Reuben Reynoso gets paid to jump on mattresses
, day after day, mattress after mattress. The McRoskey Mattress Company in San Francisco has been making mattresses — and having people jump on them — for 112 years, since before the 1906 quake. [more inside]
posted by Lexica
on Oct 31, 2012 -
Suddenly That Summer
: It was billed as “the Summer of Love,” a blast of glamour, ecstasy, and Utopianism that drew some 75,000 young people to the San Francisco streets in 1967. Who were the true movers behind the Haight-Ashbury happening that turned America on to a whole new age? [more inside]
posted by the man of twists and turns
on Sep 15, 2012 -
When is a private space a public space? When it's a Privately Owned Public Space (POPS)
. In accordance with the planning codes of some cities, owners or builders of buildings are mandated to provide members of the general public access to spaces which include rooftop gardens, courtyards, and plazas. [more inside]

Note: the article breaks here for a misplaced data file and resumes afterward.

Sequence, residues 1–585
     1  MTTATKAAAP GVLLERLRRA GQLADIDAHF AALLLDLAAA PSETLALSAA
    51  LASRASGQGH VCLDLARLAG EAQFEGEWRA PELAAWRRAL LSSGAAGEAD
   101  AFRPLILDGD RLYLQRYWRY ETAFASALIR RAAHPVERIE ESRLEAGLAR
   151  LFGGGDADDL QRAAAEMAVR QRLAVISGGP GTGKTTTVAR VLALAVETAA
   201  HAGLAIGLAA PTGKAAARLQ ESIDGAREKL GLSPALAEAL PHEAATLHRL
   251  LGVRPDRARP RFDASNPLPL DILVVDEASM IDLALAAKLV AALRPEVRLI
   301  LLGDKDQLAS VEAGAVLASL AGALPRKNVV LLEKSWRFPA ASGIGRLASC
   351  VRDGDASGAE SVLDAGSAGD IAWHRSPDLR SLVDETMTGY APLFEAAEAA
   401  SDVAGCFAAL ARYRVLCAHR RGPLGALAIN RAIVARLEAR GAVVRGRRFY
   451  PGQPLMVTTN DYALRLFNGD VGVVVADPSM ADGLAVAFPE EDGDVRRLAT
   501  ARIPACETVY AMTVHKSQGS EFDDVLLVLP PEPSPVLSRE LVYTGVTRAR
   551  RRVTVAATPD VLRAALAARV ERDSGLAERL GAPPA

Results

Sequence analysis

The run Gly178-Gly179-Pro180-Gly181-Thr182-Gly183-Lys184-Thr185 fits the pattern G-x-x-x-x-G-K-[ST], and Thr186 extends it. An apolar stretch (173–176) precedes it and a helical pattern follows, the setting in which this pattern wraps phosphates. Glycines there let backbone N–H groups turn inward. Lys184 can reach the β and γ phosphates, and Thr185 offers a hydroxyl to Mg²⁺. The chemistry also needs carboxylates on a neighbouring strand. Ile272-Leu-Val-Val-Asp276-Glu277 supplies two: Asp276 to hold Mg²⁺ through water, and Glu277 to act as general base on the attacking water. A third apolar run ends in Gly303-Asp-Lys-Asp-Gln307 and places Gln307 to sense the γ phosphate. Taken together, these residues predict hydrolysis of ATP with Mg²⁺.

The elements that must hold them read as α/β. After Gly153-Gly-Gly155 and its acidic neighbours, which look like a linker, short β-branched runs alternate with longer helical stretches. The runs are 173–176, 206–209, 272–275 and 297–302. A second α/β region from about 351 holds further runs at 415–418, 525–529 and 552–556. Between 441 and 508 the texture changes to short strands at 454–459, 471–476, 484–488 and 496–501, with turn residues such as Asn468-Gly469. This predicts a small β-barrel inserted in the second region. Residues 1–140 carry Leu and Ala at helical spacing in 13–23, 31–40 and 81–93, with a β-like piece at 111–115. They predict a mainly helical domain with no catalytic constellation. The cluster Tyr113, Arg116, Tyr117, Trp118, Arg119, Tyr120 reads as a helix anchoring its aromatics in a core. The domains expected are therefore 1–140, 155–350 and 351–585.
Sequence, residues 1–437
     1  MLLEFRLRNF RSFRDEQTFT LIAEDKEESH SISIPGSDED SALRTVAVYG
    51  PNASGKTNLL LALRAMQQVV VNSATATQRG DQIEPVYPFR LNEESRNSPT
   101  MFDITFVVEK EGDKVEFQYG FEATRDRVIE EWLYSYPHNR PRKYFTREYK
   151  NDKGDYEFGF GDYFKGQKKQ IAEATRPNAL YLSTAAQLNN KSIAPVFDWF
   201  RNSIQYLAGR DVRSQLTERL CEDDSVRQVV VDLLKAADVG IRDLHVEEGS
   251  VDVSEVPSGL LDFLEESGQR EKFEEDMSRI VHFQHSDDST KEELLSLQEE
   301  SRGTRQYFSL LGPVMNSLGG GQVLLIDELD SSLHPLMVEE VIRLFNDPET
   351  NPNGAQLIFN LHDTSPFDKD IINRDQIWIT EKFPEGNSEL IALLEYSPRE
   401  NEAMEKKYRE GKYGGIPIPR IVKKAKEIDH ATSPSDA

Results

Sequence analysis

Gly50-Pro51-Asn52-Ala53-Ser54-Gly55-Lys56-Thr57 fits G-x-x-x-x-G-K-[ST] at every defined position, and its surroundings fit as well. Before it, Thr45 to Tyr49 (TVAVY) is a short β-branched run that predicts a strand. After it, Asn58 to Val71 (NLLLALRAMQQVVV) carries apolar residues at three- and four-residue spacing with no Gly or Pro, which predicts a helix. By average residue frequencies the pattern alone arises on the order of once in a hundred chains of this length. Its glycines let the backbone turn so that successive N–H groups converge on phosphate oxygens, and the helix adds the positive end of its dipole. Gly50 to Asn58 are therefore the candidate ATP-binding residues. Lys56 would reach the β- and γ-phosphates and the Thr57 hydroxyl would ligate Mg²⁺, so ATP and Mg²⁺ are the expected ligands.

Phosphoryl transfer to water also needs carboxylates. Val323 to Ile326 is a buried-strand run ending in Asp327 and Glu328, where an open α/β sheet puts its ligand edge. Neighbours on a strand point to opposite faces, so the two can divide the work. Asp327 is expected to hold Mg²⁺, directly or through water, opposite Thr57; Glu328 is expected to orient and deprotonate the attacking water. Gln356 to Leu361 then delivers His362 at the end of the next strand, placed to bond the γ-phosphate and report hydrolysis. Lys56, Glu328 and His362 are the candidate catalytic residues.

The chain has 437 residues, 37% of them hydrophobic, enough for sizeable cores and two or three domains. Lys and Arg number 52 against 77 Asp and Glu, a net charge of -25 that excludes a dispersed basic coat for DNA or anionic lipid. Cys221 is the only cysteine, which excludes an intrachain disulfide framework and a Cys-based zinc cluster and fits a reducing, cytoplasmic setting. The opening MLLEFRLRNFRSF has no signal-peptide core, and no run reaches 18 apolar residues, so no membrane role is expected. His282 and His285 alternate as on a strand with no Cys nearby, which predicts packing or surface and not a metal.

posted by larrybob
on Aug 31, 2012 -
Bill Brent was the publisher of the zine Black Sheets and the alternative sexuality directory The Black Book and the author of the book How To Make a Zine (recently republished in a revised edition
) as well as a lot of erotica writing. He was very active in the San Francisco Bay Area sexuality, kink, and zine scenes from the early 90s onward. Unfortunately, he committed suicide in August 2012; Liz Highleyman penned an in-depth obituary of Bill
posted by larrybob
on Aug 30, 2012 -
A headline rivalling “Batman to leave Gotham”: “Maupin to leave San Francisco
.” But before the Tales of the City
) moves to Santa Fe with his husband, you can pick up Armistead Maupin’s house
for a mere $1,198,000. (28 Barbary Lane is not for sale.)
posted by joeclark
on Jul 25, 2012 -